|Friday, May 25, 2007||Contact: Keith Chamblin, NTRA |
1 (859) 621-1120
|US withdrawal of WTO committments on gambling confirmed|
During Tuesday's regularly scheduled meeting of the World Trade Organization (WTO) Dispute Settlement Body (DSB), the DSB adopted the decision of a WTO arbitration panel after the United States confirmed that it had taken steps to formally withdraw its global trade commitment to open the U.S. market to foreign providers of gambling and betting services. The commitment had been made to the WTO during the Clinton Administration as part of the General Agreement on Trade in Services (GATS).
This is a great day for the parimutuel industry, Alex Waldrop, President and CEO of the National Thoroughbred Racing Association (NTRA), said on Tuesday. As a result of the withdrawal by the United States of its GATS commitment, the WTO will no longer play a role in the global debate on U.S. regulation of gambling services over the Internet. The NTRA has monitored this case for over two years, and we have argued from the outset that the GATS commitment should be withdrawn. Today's decision validates our long-held position.
The decision by the U.S. to withdraw its WTO commitments on gambling services effectively means that the U.S. will no longer have an international obligation to allow foreign investors to provide gambling services either cross-border, through a foreign Internet site, or through a commercial presence in the United States, such as a casino or racino.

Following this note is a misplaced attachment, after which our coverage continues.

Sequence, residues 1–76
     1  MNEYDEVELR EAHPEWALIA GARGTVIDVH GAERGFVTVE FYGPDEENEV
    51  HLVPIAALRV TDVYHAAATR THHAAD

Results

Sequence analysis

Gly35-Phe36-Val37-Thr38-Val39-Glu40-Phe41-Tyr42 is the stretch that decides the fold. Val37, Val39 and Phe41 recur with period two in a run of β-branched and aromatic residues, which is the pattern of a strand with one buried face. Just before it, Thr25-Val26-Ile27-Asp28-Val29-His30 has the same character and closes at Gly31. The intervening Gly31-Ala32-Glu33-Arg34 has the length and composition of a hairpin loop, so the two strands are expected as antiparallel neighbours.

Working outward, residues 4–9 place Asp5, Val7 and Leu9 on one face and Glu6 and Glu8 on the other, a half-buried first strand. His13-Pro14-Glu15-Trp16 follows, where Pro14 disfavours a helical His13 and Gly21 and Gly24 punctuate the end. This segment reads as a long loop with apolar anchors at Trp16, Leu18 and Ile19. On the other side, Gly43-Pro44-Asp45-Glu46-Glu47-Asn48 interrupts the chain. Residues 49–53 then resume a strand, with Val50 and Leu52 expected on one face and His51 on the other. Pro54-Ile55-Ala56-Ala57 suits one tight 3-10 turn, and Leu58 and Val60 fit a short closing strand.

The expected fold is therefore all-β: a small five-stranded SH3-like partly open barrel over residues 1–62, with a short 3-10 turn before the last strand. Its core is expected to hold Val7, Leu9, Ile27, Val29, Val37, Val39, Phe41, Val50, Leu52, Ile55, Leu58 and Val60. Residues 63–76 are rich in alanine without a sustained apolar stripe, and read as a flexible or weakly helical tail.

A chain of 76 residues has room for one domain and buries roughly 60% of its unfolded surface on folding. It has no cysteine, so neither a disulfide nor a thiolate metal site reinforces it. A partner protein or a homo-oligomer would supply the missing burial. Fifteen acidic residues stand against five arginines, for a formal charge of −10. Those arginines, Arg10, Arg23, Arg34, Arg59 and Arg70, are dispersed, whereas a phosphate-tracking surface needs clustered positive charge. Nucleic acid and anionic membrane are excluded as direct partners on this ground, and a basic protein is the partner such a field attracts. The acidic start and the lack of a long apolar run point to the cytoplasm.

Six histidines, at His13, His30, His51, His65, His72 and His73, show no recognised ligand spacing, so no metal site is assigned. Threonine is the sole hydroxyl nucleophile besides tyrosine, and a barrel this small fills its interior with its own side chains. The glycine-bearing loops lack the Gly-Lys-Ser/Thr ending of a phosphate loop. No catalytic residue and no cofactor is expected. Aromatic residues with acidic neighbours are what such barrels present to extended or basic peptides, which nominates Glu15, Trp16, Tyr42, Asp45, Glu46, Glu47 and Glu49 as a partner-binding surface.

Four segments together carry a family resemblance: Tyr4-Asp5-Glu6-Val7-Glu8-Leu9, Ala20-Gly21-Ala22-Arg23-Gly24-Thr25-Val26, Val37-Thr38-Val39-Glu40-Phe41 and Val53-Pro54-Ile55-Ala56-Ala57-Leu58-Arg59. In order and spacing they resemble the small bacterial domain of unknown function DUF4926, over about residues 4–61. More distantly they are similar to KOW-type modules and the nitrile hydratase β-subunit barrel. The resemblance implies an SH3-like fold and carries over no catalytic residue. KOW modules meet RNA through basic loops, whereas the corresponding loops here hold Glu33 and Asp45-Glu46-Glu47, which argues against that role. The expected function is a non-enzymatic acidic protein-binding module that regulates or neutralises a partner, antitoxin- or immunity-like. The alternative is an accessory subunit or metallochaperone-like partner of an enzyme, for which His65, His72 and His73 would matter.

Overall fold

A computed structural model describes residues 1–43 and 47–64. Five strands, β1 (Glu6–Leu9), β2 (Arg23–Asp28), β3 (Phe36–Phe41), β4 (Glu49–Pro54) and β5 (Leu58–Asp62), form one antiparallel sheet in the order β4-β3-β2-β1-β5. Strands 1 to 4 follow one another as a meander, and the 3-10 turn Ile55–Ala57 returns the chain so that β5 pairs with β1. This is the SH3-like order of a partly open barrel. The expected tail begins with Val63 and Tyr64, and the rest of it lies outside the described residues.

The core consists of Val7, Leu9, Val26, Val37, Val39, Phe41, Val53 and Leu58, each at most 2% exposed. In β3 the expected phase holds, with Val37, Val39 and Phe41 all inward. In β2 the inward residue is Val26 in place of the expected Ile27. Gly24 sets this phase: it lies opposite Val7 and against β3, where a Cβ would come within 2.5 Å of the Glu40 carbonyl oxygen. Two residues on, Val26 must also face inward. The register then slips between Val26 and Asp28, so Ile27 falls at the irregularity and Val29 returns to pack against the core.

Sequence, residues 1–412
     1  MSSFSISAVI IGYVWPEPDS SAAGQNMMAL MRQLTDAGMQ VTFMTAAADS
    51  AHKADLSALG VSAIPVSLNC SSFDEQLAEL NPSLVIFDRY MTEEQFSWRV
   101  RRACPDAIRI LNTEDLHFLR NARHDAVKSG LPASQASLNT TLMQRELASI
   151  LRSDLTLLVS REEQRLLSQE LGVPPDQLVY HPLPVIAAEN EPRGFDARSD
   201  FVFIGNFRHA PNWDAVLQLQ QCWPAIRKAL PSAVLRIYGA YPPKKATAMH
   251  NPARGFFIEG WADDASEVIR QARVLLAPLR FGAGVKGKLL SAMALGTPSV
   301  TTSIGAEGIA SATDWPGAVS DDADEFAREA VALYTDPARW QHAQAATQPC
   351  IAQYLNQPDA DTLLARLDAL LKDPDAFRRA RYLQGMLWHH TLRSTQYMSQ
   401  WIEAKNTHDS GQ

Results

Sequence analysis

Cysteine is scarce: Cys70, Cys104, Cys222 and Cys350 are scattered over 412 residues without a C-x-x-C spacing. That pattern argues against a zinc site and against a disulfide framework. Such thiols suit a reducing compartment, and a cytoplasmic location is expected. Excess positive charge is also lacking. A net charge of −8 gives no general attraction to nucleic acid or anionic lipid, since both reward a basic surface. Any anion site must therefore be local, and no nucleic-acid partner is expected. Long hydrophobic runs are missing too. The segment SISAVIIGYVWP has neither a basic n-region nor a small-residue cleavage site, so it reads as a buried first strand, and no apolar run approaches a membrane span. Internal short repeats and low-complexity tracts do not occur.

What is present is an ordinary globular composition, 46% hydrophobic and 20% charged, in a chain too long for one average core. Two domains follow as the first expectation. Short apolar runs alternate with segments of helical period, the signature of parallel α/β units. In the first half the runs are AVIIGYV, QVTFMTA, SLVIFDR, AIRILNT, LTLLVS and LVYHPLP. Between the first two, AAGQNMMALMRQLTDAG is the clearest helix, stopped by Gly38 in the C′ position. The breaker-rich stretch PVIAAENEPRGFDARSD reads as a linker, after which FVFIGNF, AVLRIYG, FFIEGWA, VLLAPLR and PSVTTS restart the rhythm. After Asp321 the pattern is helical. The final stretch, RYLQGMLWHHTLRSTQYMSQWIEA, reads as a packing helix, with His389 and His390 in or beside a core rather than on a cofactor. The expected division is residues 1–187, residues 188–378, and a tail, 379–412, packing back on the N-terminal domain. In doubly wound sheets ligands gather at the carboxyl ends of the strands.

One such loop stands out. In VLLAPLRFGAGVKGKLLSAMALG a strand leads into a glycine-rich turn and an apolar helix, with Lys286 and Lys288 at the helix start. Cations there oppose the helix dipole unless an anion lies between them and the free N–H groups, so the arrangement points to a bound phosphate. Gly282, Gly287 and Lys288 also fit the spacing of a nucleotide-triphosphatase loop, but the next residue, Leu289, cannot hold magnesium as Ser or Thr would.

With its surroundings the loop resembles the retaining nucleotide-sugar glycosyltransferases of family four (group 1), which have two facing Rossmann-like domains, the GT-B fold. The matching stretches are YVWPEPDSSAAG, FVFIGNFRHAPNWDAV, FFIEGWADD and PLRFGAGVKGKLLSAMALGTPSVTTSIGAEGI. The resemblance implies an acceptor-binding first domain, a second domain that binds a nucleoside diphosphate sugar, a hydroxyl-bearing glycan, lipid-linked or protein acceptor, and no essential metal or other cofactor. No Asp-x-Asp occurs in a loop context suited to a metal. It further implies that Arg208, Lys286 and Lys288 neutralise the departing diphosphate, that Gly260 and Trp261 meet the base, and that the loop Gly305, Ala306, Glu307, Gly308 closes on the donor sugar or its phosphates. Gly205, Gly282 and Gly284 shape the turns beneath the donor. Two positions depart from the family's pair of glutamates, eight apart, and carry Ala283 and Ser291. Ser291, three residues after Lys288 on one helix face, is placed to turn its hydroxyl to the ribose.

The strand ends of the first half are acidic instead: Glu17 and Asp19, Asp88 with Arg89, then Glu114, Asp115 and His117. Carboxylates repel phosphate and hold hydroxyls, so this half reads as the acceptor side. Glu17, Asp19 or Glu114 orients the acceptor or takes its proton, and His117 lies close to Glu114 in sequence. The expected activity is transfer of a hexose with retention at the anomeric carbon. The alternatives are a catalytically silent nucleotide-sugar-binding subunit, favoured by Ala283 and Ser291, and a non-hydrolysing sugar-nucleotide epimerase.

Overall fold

The WTO issue surfaced two years ago in the form of a complaint by Antigua, which was seeking access to U.S. Internet gaming markets. In reviewing Antigua's case, the WTO determined that the U.S. was not in compliance with WTO standards calling for consistent applications of trade guidelines, and that the U.S. had discriminated between off- and on-shore Internet wagering operators, to the detriment of Antigua.
Tuesday's developments could represent the final step in the long-standing legal proceeding between Antigua and the United States. Antigua has procedural rights to secure permission from the WTO to retaliate against the United States, but it appears that the U.S decision to withdraw its WTO market access commitments on gambling services will neutralize the value of those rights.
The United States withdrawal of its WTO market access commitments does not require the U.S. to make any changes in current laws or practice, nor is it anticipated that the U.S. Government will make any changes as a result.